Manning will show up in Foxborough with a 102.1 passer rating, nine points north of his career high and third best in the league, behind Aaron Rodgers and Brady. Eli's honored his pledge that he wouldn't be the 25-interception guy he was last year, throwing only five picks against 13 touchdown passes, and he's supported the summertime claim he made to ESPN New York 1050's Michael Kay, when Manning violated his own code of say-nothing conduct and declared himself an elite quarterback very much in Brady's league.
Manning has advanced his standing as the NFL's own Mr. October, improving his record in the month to 23-5, the best in the Super Bowl era, and his string of endgame rallies has left him the leading fourth-quarter passer in the game.
"He is playing very well," Giants coach Tom Coughlin said, "and we expect that to remain that way."
Asked to identify the specific Manning quality that has impressed him the most, Coughlin answered, "I would say he is controlled." At the start of the season, given the injuries on defense and the apparent dearth of playmakers on Eli's side of the ball, Manning had reason to lose control.
But Giants general manager Jerry Reese had told the quarterback he expected 2011 to be the best of his eight seasons, told Eli the team was his, all his. Manning listened to him. He's on track to shatter the franchise record for passing yards (Kerry Collins, 4,073) and whatever remains of the notion that his leadership skills still need work.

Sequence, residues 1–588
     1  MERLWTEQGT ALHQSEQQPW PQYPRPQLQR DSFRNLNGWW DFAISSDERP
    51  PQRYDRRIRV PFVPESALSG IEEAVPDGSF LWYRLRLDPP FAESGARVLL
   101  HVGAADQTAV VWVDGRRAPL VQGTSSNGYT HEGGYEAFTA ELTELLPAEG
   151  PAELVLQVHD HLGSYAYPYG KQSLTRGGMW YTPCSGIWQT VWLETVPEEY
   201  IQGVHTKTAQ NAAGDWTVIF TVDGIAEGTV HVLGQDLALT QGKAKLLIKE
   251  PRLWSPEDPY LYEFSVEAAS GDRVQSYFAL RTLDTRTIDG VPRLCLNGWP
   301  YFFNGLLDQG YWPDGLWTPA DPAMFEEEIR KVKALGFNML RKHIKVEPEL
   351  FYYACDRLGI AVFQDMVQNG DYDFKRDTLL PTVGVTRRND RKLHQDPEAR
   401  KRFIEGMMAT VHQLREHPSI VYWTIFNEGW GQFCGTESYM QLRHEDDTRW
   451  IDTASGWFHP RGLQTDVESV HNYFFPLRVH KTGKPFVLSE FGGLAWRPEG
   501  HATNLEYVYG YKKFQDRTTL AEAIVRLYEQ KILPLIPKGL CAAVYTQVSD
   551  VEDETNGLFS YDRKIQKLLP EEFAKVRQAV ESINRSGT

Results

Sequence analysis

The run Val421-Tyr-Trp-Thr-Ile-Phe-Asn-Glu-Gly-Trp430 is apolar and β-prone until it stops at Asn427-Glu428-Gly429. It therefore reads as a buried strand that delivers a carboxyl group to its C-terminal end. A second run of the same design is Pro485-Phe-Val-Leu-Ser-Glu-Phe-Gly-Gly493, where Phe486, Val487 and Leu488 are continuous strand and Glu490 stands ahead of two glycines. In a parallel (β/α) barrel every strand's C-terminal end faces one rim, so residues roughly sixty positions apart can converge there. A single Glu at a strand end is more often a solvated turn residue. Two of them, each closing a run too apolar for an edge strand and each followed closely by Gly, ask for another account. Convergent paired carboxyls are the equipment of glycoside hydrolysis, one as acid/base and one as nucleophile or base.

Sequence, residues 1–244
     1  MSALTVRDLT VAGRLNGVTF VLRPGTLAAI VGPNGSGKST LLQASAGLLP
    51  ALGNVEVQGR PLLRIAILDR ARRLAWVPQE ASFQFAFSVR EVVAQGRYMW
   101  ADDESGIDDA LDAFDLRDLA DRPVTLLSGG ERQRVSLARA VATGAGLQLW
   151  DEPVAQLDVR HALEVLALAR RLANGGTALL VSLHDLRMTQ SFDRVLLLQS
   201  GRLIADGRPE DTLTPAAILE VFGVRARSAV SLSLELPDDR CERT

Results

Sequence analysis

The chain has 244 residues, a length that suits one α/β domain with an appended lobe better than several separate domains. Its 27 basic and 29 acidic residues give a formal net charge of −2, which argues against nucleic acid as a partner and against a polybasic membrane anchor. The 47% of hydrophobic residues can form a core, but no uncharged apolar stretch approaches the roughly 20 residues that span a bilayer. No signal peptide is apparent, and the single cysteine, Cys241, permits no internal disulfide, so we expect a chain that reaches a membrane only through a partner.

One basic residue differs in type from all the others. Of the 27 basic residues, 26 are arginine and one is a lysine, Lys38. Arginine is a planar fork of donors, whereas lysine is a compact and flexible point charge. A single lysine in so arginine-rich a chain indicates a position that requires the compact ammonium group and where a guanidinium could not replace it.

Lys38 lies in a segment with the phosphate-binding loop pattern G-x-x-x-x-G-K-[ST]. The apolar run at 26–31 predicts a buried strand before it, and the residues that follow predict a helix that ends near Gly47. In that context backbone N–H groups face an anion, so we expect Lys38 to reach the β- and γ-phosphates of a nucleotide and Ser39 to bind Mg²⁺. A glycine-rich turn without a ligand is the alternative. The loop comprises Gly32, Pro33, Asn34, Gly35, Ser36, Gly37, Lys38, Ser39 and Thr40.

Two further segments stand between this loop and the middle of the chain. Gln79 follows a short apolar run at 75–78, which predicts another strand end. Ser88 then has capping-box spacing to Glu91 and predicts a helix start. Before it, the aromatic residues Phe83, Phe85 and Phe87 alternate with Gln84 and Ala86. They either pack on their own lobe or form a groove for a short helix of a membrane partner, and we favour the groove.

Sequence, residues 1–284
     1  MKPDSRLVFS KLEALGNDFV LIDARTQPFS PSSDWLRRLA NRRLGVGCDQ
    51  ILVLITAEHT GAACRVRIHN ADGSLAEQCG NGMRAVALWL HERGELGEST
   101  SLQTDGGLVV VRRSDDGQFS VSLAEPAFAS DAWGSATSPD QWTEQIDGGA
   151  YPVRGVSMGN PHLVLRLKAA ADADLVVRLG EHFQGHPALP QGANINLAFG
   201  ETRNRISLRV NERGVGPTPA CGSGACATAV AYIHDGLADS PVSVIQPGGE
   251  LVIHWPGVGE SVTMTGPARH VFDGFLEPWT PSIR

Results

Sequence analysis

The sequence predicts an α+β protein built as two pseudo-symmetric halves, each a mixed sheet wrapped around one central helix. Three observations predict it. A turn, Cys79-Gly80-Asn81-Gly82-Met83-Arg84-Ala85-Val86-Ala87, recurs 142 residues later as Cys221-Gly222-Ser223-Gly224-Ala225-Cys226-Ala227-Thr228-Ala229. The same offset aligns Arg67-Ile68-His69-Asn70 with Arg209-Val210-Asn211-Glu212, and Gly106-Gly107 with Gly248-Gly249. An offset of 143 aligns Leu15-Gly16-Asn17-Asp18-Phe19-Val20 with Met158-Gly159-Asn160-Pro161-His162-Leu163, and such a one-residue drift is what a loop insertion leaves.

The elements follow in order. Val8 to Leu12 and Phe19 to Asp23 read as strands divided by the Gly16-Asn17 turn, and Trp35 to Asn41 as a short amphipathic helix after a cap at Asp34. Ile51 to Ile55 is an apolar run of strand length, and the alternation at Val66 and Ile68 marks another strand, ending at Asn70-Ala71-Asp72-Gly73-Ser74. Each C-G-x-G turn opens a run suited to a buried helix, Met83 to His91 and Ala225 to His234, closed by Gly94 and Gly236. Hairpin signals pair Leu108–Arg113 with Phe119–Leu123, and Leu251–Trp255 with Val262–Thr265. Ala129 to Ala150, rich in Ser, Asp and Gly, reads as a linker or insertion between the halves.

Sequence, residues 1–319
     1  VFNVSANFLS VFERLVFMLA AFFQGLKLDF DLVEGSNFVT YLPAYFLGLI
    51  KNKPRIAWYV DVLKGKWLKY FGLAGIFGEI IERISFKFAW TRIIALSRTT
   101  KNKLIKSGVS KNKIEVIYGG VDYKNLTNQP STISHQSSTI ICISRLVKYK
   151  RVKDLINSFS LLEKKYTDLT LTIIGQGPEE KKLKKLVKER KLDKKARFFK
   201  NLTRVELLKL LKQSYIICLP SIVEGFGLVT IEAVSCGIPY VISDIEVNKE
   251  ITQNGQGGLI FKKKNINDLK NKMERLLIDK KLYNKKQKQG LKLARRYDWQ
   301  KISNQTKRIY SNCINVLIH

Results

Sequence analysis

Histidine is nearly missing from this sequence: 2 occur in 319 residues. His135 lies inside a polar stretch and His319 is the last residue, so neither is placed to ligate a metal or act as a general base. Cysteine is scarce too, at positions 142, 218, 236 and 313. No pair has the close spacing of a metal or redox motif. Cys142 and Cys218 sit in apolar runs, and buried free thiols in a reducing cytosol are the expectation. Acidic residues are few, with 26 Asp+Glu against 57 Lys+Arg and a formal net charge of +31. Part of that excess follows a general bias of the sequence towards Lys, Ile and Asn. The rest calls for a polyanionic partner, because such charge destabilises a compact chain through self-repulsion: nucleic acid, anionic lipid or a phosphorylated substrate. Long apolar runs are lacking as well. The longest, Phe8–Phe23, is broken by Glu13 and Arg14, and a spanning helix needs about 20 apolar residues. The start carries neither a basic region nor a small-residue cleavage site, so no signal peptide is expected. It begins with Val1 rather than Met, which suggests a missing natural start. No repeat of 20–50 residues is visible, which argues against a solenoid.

Reese had charged to Eli to make his presence felt in all corners of the locker room, and the Manning patriarch, Archie, had predicted that Eli would grow as a leader in New York the way he'd grown as one at Ole Miss.
"I don't think it's ever going to be a situation of him yelling and screaming at guys," Mara said, "but he's certainly been leading by example. Eli works harder than anyone on the team, he's always here looking at tape, and he does a lot of quiet things with teammates that you don't see on TV."
Like the times during the lockout when Manning ran his own passing camp, and saw an opportunity to embolden a teammate in need.
As an undrafted college kid trying desperately to earn a Super Bowl MVP's trust, Cruz appreciated the text messages from Manning that said, "Good work this week. Let's keep working. Let's keep getting better every day. Just use this time to perfect your craft and familiarize yourself 100 percent with the offense."
One day after he caught the touchdown pass from Manning that spared the Giants the indignity of losing to Miami, Cruz said those texts "just made me believe that he believed in me and helped me stay focused."
Manning has that stabilizing effect on the Giants. They know they can rely on a quarterback who's about to make his 111th consecutive start, tied for fourth all-time with New England's most famous dimpled face.
Nobody can spell "elite" without Eli, not anymore. Manning has earned Tom Brady's respect, if not his participation in a pregame handshake.
Ian O'Connor is the author of "The Captain: The Journey of Derek Jeter." "Sunday Morning With Ian O'Connor" can be heard every Sunday, 9-11 a.m. ET on ESPN New York 1050.